Carrot Jam

Golshifteh spends a day with her grandparents and they make jam from the carrots in their backyard. ‘Carrot jam?’ you ask? Yes. Carrot jam. Delicious.

It had been a long and boring school holiday for Golshifteh. There were only three days left until the school term started and she had no exciting stories to tell her friends when she went back.

“Goli, I have to go to work today so you will have to stay with your Mamani and Babajoon”, her mother told her.

Golshifteh didn’t like going to her grandparents’ house. There was nothing to do there. They didn’t have a TV or a computer. It was so boring. On the way over, Golshifteh pleaded with her mother. “Maman please, can’t I go with you to work? I promise I’ll be quiet.”

“I’m sorry, Goli joon. That’s not possible. It will be much more fun at Mamani and Babajoon’s house, I promise.”

When they arrived at Golshifteh’s grandparents’ house, Golshifteh walked into the kitchen where she saw her Babajoon sitting at the table. He had white short hair combed back over a bald patch on the top of his head and a large shiny nose. Golshifteh sat beside him.

“Salam Babajoon”.

“Salam Golam, how are you?”

Golshifteh’s grandfather always called her Golam, which means ‘my flower’ in Persian.

“Goli jan,” Mamani called out from the hallway. “Now the rain has cleared we can do some gardening.” Mamani gestured to the gloves in her hands.

Golshifteh reluctantly slid on the gloves and followed Mamani into the backyard.

“Now, when you see a weed like this, you need to pull it out. Grab the weed from the very bottom and yank it out.”

Golshifteh really didn’t want to spend her day pulling weeds out, but didn’t want to disappoint Mamani either. She leant down and grabbed a weed just like Mamani had shown her, and it came out roots and all. After a few weeds had been successfully removed, Golshifteh began to enjoy it. When she pulled out the next weed, she noticed something peculiar. The root on this weed was orange and thick. It almost looked like a-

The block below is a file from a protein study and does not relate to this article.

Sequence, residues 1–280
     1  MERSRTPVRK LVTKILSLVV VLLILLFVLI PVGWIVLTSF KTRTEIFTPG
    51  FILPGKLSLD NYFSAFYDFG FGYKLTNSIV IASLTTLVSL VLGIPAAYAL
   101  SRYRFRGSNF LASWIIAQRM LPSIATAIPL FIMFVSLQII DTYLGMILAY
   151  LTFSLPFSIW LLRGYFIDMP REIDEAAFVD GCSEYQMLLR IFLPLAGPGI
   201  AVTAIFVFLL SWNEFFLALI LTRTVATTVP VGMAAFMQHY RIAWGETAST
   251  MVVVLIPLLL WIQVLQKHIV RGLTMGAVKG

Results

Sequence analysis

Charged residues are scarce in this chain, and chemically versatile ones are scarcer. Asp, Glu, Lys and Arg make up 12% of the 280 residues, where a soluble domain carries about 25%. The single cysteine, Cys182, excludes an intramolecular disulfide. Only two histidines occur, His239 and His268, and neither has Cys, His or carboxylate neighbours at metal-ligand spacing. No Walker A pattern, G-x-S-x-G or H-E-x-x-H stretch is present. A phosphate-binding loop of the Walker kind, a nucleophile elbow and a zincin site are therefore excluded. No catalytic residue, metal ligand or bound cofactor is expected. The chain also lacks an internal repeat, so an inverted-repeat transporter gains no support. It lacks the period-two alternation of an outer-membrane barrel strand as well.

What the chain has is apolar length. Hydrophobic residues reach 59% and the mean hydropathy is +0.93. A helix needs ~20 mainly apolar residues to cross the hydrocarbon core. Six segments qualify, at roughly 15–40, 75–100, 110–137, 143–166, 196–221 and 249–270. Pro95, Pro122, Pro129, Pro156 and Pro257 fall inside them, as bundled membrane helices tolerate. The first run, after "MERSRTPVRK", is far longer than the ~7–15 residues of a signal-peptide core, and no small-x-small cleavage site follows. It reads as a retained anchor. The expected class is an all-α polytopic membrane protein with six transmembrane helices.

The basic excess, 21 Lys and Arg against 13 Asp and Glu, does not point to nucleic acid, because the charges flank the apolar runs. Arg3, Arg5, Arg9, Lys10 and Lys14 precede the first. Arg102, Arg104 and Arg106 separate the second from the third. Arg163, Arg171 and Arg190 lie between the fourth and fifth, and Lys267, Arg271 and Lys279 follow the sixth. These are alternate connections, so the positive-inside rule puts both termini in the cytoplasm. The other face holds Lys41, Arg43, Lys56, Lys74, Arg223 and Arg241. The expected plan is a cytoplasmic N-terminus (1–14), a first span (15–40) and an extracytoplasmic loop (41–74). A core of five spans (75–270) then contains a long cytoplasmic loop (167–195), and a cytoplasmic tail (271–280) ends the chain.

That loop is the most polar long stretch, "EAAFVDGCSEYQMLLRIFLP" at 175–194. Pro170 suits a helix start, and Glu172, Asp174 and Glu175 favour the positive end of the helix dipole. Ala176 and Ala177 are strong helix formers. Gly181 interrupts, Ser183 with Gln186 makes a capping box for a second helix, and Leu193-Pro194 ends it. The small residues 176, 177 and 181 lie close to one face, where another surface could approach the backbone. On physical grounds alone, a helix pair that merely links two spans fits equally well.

“Ah, you’ve found my carrots. I forgot where I planted them.”

“Sorry, I didn’t realise it wasn’t a weed.”

Mamani took a look at the bright orange carrot and smiled. “No, don’t be sorry. It’s ready.”

“Ready for what?”

“Ready to make jam with.”

“Carrot jam?”

What a bizarre thing to make jam out of, Golshifteh thought.

“Let’s pull out some more.” Mamani dashed back into the house and appeared with a plastic bowl. Golshifteh helped Mamani pull out more carrots from the garden.

“Are they the missing carrots from the garden?” Babajoon asked when Mamani and Golshifteh were back in the kitchen, chuckling to himself.

“They sure are,” Mamani replied.

“Firstly, you have to peel and grate the carrots,” Mamani said as she passed a grater and bowl to Golshifteh. Mamani passed the peeled carrots to Golshifteh and she, in turn, grated them into a large metal bowl. After all the carrots were grated, Babajoon poured two cups of sugar and two cups of water into a pan and placed it on the stove.

“Golam, can you please bring me the cardamom pods from the pantry?”

Golshifteh opened the pantry and the smell of dried rose petals and mint filled her nostrils. The pantry was full to the brim with jars, packets of spices and foods, but she didn’t see any cardamom pods.

Before she could ask Babajoon where they were, Mamani shouted. “Look straight ahead and to the left.” There were many different jars all neatly placed in rows with make-shift tags. She grabbed the one that said ‘cardamom’ and brought it to Babajoon.

“Now, listen carefully so you can learn. You bring the sugar and water to a boil. After, we add the carrots, cardamom and -” Babajoon paused and looked over to the orange rinds. “That’s it!”

He grabbed a handful and dropped it into the pan. Golshifteh thought maybe with the orange peel, it might not be so terrible after all.

“I think it is time for the carrot,” Babajoon announced. Mamani  grabbed the bowl of grated carrot and slowly scooped it into the pan. Golshifteh was assigned the job of stirring.

“Okay, I think it’s time for the rosewater and lime juice,” Babajoon said once he added all of the ingredients to the pot as Golshifteh continued to stir.

Mamani grabbed a teaspoon and tried some of the hot jam. “Mmm… I think it’s done. Would you like to try?”

“No thank you,” Golshifteh said, shaking her head.

“Okay but you don’t know what you’re missing out on,” Mamani replied.

“Okay Golam, this is the tough part.” Babajoon ladled the steaming hot carrot jam carefully into each jar as Golshifteh watched carefully.

“It smells so good inhere!” Golshifteh’s mother arrived and walked up to Babajoon to see what was going on.

“Of course it does we have been making carrot jam,” Babajoon replied.

After Babajoon finished jarring the jam, everyone sat down to drink tea and enjoy some fresh carrot jam. Golshifteh hesitantly tried the carrot jam on bread and was pleasantly surprised. The carrot jam wasn’t at all what she expected and she even asked for seconds. When they left, Mamani gave Golshifteh her own jar of carrot jam to take home with her.

On the drive home, Golshifteh realised that her holidays were not boring after all, and she couldn’t wait to tell everyone on Monday about making carrot jam with her grandparents.

Words by Nelya Valamanesh.

Images by Rachael Sharman.

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